Meaning the writeback option increases performance at the cost of data integrity.

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                  • #39
                    Dear Phoronix,

                    Please stop comparing desktop operating systems with server operating systems whose defaults include debugging, performance monitoring, fault tracing, and conservative compiler optimisations.

                    For desktop OS comparisons, please consider rather benching PC-BSD in future. It would be more informative, and if PC-BSD also under performs, the PC-BSD project is more likely to improve the situation and benefit from the tests.

                    FreeBSD users and developers don't care that the system is slower than Ubuntu as a desktop out of the box. In fact, many of us could have told you the same without your tests.


                    Regards,
                    Aragon
                    Last edited by aragon; 09-28-2009, 02:22 PM.

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                    • #40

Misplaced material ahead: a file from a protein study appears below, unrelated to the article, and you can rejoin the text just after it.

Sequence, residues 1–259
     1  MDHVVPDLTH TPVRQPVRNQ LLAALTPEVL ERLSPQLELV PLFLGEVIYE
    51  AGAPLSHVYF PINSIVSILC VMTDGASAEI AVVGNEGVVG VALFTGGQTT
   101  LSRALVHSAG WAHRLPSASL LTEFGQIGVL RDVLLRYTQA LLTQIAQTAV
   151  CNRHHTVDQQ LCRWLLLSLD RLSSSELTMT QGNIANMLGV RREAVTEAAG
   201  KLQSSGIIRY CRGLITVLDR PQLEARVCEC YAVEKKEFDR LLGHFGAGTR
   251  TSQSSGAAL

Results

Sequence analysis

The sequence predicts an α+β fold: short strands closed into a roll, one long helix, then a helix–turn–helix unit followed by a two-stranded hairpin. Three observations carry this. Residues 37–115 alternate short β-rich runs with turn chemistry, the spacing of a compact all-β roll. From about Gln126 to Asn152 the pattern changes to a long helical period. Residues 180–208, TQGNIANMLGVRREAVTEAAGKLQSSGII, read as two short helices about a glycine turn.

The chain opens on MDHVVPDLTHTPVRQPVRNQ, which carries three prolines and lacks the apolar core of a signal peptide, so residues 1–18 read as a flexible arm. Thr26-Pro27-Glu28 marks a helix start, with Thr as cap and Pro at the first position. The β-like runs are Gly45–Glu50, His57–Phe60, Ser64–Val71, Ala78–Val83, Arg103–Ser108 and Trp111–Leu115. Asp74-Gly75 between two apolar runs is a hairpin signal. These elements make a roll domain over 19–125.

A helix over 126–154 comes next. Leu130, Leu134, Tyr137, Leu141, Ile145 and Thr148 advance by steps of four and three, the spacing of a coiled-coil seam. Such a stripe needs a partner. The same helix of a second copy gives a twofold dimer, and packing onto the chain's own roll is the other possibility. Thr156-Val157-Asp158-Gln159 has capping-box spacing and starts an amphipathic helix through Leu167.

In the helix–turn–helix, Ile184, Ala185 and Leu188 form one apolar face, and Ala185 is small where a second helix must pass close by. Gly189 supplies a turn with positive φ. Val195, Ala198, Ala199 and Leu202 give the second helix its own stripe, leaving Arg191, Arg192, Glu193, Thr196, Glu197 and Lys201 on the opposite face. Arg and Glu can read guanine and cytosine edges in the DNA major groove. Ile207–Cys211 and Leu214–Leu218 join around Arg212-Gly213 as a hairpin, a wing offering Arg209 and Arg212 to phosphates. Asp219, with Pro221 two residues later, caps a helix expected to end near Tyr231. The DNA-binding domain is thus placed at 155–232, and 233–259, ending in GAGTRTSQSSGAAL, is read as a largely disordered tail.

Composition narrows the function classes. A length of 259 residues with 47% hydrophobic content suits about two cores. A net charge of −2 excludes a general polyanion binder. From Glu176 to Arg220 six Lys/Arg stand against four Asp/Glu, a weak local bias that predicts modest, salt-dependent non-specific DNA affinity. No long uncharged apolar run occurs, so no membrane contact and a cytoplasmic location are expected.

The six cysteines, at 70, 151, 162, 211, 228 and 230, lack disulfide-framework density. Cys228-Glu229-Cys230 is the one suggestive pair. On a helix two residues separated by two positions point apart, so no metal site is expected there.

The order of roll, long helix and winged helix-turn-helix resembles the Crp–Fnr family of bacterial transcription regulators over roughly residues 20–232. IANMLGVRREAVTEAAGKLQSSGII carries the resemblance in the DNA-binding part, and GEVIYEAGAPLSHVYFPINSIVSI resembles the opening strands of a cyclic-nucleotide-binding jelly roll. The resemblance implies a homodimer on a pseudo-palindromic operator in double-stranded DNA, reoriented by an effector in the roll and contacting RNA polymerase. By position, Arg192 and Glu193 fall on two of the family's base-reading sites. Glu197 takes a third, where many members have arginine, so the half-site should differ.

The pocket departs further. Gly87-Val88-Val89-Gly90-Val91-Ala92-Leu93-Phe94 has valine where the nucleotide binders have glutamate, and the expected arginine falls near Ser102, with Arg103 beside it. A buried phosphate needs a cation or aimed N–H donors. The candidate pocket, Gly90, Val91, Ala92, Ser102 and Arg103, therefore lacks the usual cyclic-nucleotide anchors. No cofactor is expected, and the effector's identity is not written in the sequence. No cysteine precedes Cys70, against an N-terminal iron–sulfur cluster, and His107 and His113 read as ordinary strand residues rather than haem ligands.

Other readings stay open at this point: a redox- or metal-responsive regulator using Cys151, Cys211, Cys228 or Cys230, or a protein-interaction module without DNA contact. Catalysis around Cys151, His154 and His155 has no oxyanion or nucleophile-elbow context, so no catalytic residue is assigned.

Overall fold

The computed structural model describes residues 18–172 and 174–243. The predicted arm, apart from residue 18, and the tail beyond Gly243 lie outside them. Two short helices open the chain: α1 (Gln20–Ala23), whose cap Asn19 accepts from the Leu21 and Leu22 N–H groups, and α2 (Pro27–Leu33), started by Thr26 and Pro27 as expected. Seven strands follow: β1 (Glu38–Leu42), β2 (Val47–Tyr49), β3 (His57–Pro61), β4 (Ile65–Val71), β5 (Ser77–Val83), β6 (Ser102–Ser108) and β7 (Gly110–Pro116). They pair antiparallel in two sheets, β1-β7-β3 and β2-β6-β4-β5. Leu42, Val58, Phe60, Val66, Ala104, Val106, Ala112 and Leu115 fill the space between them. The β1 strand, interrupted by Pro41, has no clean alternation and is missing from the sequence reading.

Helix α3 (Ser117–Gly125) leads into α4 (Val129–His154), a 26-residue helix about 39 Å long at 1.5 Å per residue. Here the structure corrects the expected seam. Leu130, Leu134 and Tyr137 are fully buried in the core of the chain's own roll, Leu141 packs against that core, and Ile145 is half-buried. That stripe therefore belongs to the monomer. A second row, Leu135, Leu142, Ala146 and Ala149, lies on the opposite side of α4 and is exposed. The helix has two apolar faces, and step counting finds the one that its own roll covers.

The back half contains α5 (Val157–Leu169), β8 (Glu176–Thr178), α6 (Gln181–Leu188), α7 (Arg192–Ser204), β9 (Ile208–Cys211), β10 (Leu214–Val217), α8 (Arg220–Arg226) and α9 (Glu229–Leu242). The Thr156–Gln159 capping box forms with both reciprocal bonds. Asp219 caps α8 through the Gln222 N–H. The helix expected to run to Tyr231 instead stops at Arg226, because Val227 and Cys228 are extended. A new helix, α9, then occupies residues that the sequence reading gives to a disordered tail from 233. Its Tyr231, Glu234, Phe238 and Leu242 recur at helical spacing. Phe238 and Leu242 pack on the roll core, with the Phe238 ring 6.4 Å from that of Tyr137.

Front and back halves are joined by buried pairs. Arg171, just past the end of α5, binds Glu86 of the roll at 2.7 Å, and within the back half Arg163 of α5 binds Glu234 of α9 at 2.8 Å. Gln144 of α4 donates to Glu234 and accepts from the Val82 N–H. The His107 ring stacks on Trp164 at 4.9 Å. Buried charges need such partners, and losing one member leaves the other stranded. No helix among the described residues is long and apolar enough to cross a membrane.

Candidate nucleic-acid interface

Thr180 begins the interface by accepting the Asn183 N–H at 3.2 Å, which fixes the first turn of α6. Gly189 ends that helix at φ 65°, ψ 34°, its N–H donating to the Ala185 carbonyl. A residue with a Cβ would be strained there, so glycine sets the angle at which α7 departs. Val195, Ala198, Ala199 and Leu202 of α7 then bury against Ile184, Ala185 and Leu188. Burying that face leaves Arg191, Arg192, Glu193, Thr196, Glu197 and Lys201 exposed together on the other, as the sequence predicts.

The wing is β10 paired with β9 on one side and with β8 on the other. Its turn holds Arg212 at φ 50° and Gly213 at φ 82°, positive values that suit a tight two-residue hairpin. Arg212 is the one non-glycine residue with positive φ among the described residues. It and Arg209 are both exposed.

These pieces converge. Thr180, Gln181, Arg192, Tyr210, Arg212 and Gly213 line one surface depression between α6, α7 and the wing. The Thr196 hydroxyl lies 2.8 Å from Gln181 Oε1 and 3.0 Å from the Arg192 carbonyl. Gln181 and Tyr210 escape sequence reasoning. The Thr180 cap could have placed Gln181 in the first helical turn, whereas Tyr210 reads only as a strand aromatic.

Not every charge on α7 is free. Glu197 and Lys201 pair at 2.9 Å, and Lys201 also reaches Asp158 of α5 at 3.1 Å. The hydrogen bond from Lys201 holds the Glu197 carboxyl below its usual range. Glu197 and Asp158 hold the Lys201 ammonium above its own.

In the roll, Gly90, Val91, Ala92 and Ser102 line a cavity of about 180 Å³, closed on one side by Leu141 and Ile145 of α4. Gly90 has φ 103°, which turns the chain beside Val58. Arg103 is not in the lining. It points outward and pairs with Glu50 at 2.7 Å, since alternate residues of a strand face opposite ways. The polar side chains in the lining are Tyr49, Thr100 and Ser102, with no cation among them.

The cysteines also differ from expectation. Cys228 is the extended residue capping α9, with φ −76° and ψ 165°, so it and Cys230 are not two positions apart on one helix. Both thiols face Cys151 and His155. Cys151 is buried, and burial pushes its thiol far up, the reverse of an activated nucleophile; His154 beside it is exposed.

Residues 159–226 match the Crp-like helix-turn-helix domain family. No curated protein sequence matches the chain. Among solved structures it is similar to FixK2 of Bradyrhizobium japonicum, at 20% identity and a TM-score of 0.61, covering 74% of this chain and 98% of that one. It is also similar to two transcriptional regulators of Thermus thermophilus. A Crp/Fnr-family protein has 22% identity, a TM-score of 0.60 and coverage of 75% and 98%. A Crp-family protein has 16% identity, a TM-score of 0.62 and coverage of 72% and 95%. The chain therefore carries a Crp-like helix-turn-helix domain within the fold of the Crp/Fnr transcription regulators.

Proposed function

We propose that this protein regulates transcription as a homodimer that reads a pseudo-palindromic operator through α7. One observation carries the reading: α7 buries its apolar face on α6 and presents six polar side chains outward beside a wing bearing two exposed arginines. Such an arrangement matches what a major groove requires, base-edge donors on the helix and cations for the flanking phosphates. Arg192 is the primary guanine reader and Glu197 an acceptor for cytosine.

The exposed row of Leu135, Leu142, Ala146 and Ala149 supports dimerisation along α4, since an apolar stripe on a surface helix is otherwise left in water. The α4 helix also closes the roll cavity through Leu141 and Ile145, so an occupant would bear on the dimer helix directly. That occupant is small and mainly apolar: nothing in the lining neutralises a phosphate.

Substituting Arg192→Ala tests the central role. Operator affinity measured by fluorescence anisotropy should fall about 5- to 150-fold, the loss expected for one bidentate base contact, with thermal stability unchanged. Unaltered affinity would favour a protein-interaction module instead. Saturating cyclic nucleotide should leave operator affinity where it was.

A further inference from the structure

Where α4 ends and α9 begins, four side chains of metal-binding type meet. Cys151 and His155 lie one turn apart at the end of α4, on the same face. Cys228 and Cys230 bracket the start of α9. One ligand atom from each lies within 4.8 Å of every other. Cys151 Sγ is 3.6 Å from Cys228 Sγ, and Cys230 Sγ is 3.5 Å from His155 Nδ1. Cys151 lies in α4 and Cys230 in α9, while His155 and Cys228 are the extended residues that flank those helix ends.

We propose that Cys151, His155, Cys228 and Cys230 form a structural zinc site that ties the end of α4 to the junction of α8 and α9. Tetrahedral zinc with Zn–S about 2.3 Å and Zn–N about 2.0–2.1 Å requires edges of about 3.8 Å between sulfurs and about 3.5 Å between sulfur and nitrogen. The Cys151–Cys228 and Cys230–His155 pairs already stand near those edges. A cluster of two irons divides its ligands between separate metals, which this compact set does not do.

blabla, and there they are, the FreeBSD apologists. Always claiming FreeBSD is faster - and when someone shows them that they are plain old lying, they start complaining. Not fair! FreeBSD is a server OS! So why does it suck at server tasks like file system benchmarks! Not fair! it is an old one, the latest one is so much faster! Really? The latest linux is faster too. When fefe compared linux 2.6.0 against then current FreeBSD they complained that the next FreeBSD would so much better. The next FreeBSD was not better as shown in 2006. But hey, now the next FreeBSD would be better, right? No, it isn't. But that must be linux fault! FreeBSD is a server os! Not fair using benchmarks testing memory access, scheduling or file access.

                      Which of the phoronix tests is a desktop test? sqllite? lame? imagemagick?

                      Little hint: none of them.

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                      • #41
                        Originally posted by Dummy00001 View Post
                        Disk I/O is a classical example of BSD v. Linux difference of stability v. performance: BSD attempts to always write meta-data before writing file data, while Linux would happily keep dirty meta-data in cache.